Horse Racing's Triple Crown

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The Triple Crown of U.S. thoroughbred racing is a prize given to a horse that wins the Kentucky Derby, the Preakness Stakes, and the Belmont Stakes in the same year. Horses that win the Triple Crown are usually ridden by the same jockey, and both horse and jockey are awarded the Triple Crown Trophy.

The three races are all run within six weeks of one another, in May and early June. The Kentucky Derby takes places in Louisville, Ky., on the first Saturday in May, the Preakness follows two weeks later in Baltimore, Md., and the Belmont rounds out the schedule three weeks after that, in Belmont, N.Y.

This was not always the case. The Belmont Stakes was the first of the three races to be run, in 1867. The Preakness came along in 1873, followed by the Kentucky Derby two years later. In 1917 and 1922, the Kentucky Derby and the Preakness were run on the same day. The current order was set in 1931.

Winning the Triple Crown is a difficult achievement. As of 2015, only 12 horses have done it.

The 12 horses that have won the Triple Crown are these:

  • Sir Barton (1919)
  • Gallant Fox (1930)
  • Omaha (1935)
  • War Admiral (1937)
  • Whirlaway (1941)
  • Count Fleet (1943)
  • Assault (1946)
  • Citation (1948)
  • Secretariat (1973)
  • Seattle Slew (1977)
  • Affirmed (1978)
  • American Pharaoh (2015).

One reason that winning the Triple Crown is so difficult is that the three races are of different lengths. The Kentucky Derby race distance is 1.25 miles. The distance for the Preakness Stakes is 1.19 miles. The longest of the three, the Belmont, is 1.5 miles.

The history of these three races is full of horses that have won one race or even two in the same year but not all three. In recent years, trainers have opted not to enter horses in all three races. American Pharaoh, the 2015 Belmont winner, was the first winner of that race in nearly a decade to have run the first two races as well.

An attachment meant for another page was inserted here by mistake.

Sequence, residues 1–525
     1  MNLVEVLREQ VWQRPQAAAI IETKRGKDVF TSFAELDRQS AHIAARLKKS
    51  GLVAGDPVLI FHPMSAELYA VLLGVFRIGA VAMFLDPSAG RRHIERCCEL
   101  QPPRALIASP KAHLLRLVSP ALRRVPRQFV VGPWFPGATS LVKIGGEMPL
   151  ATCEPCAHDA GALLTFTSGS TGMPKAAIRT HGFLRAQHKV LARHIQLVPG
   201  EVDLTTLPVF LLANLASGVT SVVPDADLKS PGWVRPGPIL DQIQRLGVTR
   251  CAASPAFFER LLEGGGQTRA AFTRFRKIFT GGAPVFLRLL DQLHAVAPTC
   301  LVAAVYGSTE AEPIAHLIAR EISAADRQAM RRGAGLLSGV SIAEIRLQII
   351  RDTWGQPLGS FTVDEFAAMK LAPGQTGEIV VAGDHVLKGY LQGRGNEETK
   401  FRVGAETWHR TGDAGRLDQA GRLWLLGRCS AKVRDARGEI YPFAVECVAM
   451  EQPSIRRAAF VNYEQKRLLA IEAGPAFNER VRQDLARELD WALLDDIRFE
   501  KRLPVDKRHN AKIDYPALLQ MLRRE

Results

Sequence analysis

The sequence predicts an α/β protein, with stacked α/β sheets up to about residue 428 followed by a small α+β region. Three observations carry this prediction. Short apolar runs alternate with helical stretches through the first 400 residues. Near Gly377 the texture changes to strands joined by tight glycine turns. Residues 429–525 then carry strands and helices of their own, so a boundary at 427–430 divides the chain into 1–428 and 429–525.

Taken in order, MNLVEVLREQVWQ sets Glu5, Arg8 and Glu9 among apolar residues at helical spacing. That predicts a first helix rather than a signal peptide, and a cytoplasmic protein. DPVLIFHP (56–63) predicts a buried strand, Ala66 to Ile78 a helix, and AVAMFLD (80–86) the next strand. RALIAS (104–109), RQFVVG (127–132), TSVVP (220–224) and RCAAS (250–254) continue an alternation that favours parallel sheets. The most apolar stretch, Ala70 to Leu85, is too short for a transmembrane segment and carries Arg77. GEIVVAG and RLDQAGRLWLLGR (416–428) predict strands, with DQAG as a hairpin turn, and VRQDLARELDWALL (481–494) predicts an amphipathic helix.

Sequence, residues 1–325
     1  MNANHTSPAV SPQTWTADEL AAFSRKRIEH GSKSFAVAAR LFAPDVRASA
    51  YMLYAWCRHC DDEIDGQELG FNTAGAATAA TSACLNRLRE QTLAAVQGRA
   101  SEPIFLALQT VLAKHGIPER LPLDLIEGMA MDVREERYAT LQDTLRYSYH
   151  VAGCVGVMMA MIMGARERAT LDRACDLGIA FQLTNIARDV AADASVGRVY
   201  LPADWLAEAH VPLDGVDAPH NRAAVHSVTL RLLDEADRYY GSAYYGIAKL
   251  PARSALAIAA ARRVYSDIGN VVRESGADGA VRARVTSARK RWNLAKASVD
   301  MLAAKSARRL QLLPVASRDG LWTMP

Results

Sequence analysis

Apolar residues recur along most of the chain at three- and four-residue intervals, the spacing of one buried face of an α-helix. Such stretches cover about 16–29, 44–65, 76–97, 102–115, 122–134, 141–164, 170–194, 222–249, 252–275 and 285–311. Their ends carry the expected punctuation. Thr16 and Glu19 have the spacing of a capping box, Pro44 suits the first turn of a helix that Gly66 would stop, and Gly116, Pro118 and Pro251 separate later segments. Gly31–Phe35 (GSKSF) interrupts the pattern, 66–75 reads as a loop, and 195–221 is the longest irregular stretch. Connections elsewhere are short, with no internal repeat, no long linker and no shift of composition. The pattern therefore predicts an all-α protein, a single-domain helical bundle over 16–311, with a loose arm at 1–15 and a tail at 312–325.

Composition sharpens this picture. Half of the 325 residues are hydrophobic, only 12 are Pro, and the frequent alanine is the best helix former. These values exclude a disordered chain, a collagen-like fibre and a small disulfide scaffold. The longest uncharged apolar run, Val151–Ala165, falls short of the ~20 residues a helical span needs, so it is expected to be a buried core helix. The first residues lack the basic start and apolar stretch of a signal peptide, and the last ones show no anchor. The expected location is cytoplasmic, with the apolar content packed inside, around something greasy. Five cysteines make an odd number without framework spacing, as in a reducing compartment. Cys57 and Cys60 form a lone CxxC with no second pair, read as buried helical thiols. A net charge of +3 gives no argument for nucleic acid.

Other notes:

  • Jockey Eddie Arcaro, the only rider to win the Triple Crown twice, rode both Whirlaway (1941) and Citation (1948). Both horses were owned by Calumet Farms.
  • Omaha, the 1935 Triple Crown winner, was the son of 1930 Triple Crown winner Gallant Fox. Both horses had the same owner, Belair Stud, and the same trainer, James “Sunny Jim” Fitzsimmons.
  • The race record for each of the three races is still by held 1973 winner Secretariat. The 2 minutes, 24 seconds that the horse turned in for the 1937 Belmont Stakes is still a world record for that distance.
  • The youngest jockey to win the Triple Crown was Steve Cauthen, who was 18 when he rode Affirmed to three victories in 1978.
  • Victor Espinoza, the jockey who rode 2015 Triple Crown winner American Pharaoh, was the oldest jockey to win the prize, at 43.
  • Trainer D. Wayne Lukas had one horse, Thunder Gulch, win the Kentucky Derby and the Belmont in 1995 and another horse, Timber Country, win the Preakness in the same year.
  • More than 4,100 horses have competed in the three Triple Crown races. Nearly 300 horses have won one of the races. Only 52 have won two (but not all three). Of those two-win combiantions, 23 were the Kentucky Derby and the Preakness, 18 were the Preakness and the Belmont, and 11 were the Kentucky Derby and the Belmont.
  • Alydar finished second to Affirmed in all three races in 1978.
  • The Kentucky Derby has run every year since its inception, in 1875. The Preakness did not run in 1891–1893, and the Belmont did not run in 1911–1912.

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